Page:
Occupy Wall Street and Leadership, part 2: the New York City Mayor’s opportunity
Following yesterday’s context…
Bloomberg has done a lot for the city. I like the increased bike lanes and pedestrian zones in Times Square, Herald Square, and Madison Square that have appeared under his leadership, for example.
But personally I remember him most for what I saw as his lack of leadership during the 2004 Republican convention in New York City. People wanted to protest non-violently. The police refused permission to meet in Central Park, where larger groups had met before. The mayorâ€™s voice was largely silent.
500,000 people intended to speak their minds non-violently. The police both prevented it and illegally arrested many protesters. Wikipedia, citing the New York Civil Liberties Union, says 90% of those arrests were overturned. 500,000 people is a substantial fraction of the United States voting public. Central Park is the city domain and he was silent, letting the police decide to suppress half a million voices. Whether you agree with the protesters or not, for a would-be leader to remain so silent on such a matter is ducking his responsibility.
We taxpayers had to pay for the police and judicial branch to resolve what appears as the police illegally quashing First Amendment rights. We’re probably still paying. That number of people speaking their minds would likely have affected the close Presidential election that led to dramatic differences in policy.
Why didn’t he speak then?
I suspect that despite his wealth and political power, with a Republican President and Governor, forces more powerful than he could manage figured out how to manage him.
I suspect now, like then, Bloomberg feels like Kennedy before the Bay of Pigs. Someone told him â€œDonâ€™t worry, weâ€™ll take care of everything. We know what to do.â€ He let them take care of it and things got out of control. Actions by bit players effectively made decisions for him he probably would not have.
My impression is that Mayor Bloomberg doesnâ€™t fear speaking his mind in public. The day after the first Occupy Wall Street protest he said in a press conference.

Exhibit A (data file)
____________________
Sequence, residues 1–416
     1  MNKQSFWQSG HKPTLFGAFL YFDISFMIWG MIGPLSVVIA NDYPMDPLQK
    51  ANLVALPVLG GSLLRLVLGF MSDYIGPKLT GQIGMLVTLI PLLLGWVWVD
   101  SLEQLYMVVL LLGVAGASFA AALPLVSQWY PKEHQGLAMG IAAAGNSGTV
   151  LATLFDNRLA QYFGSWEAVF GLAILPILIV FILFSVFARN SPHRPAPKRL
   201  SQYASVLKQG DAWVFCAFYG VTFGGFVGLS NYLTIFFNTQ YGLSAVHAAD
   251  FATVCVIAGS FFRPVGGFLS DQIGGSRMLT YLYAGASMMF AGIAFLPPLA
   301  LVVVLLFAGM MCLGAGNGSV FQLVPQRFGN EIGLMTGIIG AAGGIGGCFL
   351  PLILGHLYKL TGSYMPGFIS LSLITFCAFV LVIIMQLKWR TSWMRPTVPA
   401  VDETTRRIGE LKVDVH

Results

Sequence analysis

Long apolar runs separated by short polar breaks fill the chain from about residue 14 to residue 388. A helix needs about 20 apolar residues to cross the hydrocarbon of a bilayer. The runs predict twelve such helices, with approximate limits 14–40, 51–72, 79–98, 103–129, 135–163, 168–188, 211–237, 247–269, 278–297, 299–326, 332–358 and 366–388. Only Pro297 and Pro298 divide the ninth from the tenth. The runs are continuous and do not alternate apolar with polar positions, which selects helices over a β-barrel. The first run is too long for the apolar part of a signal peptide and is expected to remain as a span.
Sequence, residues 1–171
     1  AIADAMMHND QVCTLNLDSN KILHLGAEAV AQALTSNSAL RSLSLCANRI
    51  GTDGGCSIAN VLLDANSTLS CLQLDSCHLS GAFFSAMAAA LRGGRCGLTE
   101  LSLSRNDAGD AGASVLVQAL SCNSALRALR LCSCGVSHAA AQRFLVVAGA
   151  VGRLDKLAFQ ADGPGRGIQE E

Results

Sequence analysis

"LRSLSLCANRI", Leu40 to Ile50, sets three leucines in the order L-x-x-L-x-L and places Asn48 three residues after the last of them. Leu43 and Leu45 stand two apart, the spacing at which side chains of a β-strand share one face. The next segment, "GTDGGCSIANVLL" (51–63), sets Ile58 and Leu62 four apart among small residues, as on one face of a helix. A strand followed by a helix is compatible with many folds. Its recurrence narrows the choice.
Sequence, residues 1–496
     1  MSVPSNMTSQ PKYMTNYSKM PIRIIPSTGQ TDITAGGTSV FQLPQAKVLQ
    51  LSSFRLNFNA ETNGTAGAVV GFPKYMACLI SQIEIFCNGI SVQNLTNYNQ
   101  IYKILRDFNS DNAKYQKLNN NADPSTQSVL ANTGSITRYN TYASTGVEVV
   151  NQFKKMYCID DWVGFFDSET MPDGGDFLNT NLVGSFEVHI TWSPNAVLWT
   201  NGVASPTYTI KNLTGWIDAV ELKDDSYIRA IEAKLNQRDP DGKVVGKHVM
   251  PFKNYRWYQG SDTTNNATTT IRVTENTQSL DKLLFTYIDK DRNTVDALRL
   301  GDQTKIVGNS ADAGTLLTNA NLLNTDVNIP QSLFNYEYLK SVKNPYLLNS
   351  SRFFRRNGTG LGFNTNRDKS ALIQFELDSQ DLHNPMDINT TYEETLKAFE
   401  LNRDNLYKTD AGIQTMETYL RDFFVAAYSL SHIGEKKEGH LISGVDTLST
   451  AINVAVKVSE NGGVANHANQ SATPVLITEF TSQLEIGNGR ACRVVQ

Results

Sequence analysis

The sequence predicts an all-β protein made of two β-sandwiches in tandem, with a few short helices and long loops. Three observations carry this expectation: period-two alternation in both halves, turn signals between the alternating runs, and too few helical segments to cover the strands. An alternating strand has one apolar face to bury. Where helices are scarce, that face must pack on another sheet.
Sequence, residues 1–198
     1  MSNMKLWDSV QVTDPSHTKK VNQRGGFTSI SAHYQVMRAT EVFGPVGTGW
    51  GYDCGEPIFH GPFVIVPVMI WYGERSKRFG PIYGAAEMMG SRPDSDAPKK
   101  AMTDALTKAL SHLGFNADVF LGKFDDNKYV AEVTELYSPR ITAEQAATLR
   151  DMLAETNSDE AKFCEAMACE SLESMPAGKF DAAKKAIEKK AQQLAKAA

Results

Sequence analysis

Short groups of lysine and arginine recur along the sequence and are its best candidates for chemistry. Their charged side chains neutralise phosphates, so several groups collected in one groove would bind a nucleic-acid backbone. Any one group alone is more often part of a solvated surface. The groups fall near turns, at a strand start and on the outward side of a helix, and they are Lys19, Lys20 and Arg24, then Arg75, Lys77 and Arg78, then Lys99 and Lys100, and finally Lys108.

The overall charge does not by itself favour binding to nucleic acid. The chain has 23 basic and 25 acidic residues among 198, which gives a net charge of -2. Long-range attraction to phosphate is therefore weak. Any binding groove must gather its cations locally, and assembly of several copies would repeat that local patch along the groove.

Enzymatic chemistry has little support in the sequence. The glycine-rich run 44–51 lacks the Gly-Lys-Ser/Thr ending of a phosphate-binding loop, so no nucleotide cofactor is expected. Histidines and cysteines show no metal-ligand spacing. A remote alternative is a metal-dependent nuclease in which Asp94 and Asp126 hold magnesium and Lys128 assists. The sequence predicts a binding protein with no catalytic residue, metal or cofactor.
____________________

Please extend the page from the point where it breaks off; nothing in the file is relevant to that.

People have a right to protest, and if they want to protest, we’ll be happy to make sure they have locations to do it… As long as they do it where other people’s rights are respected, this is the place where people can speak their minds, and that’s what makes New York New York.
Since then the actions of police — with their pepper spray, billy clubs, and mass arrests of non-violent protesters following their instructions — have spoken louder than any words of his.
As the twelfth richest American, his personal position can affect his credibility if he speaks inauthentically, or appears biased toward one side instead of toward upholding the law for all.
The irony is that Mayor Bloomberg is in the prime position to lead effectively — an intentional one, not a default difference through inaction. Thoughtful decisive action could turn the protests into an opportunity for the city, himself, and the country. Nobody else is in such a position and nobody else has the means to do it.
The core is that he doesn’t have to take a side on the issues. He only has to take a side on fostering lawful, non-violent, peaceful communication. People don’t want to protest, they want results. Police don’t want to jail people, they prefer people not protesting.
Give the people a voice with a reasonable chance to be heard and they’ll speak.
Tomorrow: recommendation: actions Mayor Bloomberg can take to benefit all
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